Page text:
Omega Healthcare Investors (OHI) is a triple-net lease real estate investment trust (REIT) firm that provides financing and capital solutions to operating partners in the skilled nursing facility and assisted living facility industries.
It’s also the best 2023 performer of all the stocks on this list, marching roughly in line with the broader market and, more importantly, kicking the pants off the real estate sector.
While REITs have long since reclaimed (and re-lost) their COVID highs, Omega’s rebound has been slower—and came from a much deeper bottom. Like the rest of its industry, OHI was hammered during the pandemic thanks to COVID’s outsized toll on nursing homes and assisted living.
Omega has been recovering in roller-coaster fashion ever since, but never quite able to bust through its 2020 highs thanks to lingering issues from the pandemic.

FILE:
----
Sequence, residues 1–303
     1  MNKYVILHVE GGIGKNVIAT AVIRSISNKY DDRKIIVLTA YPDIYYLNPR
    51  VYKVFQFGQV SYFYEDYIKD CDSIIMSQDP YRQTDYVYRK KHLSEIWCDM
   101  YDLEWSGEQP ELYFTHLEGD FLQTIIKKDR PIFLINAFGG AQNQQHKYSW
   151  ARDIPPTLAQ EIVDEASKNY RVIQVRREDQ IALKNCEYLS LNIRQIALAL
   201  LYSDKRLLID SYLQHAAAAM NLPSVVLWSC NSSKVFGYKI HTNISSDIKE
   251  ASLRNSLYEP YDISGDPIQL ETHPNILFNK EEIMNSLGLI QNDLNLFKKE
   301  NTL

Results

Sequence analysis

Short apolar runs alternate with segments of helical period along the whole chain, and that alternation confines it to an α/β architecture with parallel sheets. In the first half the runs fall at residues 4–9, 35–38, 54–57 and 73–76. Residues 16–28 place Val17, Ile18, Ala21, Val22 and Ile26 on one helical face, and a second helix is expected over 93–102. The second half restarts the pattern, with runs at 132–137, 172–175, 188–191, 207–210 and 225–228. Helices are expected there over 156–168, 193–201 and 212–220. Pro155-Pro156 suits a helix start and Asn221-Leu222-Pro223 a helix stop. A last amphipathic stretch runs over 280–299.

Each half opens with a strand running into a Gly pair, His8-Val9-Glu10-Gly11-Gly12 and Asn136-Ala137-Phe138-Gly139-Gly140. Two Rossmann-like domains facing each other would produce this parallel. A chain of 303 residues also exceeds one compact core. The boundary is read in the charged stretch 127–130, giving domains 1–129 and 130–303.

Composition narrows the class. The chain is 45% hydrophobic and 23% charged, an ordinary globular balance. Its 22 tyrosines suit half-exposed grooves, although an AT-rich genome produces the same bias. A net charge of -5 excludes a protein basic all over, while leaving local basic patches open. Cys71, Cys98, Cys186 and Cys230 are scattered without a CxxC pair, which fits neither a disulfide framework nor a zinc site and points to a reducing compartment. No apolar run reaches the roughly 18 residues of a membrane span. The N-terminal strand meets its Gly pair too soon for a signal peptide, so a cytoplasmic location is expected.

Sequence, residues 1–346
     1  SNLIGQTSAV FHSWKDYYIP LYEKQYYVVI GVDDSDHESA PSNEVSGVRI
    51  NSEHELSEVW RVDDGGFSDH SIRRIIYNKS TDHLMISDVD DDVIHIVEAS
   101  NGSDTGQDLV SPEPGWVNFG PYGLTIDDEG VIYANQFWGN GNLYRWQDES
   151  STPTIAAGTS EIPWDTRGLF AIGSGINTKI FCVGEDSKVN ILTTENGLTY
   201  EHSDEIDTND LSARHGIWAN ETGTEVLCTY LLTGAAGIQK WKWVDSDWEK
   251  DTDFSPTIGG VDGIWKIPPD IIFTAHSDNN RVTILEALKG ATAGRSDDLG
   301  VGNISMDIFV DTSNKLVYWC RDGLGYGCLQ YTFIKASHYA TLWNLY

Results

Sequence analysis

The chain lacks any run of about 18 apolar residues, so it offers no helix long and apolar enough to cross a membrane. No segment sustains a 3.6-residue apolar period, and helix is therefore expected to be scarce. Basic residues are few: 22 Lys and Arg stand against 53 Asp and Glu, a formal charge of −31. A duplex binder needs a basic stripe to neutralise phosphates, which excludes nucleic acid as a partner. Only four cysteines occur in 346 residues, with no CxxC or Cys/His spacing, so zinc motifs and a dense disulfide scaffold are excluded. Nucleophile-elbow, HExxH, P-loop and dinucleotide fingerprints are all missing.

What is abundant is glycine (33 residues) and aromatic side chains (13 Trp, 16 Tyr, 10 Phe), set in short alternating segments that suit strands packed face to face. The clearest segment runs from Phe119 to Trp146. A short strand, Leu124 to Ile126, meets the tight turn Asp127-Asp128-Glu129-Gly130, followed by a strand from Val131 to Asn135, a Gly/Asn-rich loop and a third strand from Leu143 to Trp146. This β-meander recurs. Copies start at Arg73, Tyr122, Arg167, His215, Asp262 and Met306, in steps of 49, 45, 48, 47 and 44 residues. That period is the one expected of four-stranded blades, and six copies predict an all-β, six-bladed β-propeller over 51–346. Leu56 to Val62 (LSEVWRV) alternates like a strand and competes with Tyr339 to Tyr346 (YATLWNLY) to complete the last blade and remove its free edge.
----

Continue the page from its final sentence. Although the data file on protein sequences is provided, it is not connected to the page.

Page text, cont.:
Still, a few months ago, I said:
Those with patience might prevail. Omega still has a healthy balance sheet, and the business is finally seeing some light at the end of the tunnel. OHI has concluded with a series of restructurings, and rent is flowing in from those tenants once more. … A brisk takeoff ahead? Maybe not. But most of Omega’s problems are no longer on the horizon, but in the rear-view mirror.
OHI has delivered another few percentage points of gains since then while maintaining a steady-Eddie pace. It also delivered better-than-expected Q2 earnings that showed recovering occupancy and better reimbursement rates.
I did also mention that Omega’s dividend had been outstripping its funds available for distribution (FAD
Universal Corp. (UVV
Dividend Yield: 6.6%
1-Year Beta: 0.44
Stocks as a whole might be up in 2023, but consumer staples have had a crummy year. Take, for instance, Universal Corp. (UVV), a truly unique tobacco play.
Unlike, say, Philip Morris (PM) and Altria (MO), which produce cigarettes, Universal Corp. merely supplies the tobacco that goes into cigarettes and other tobacco products—for more than 30 companies across five continents.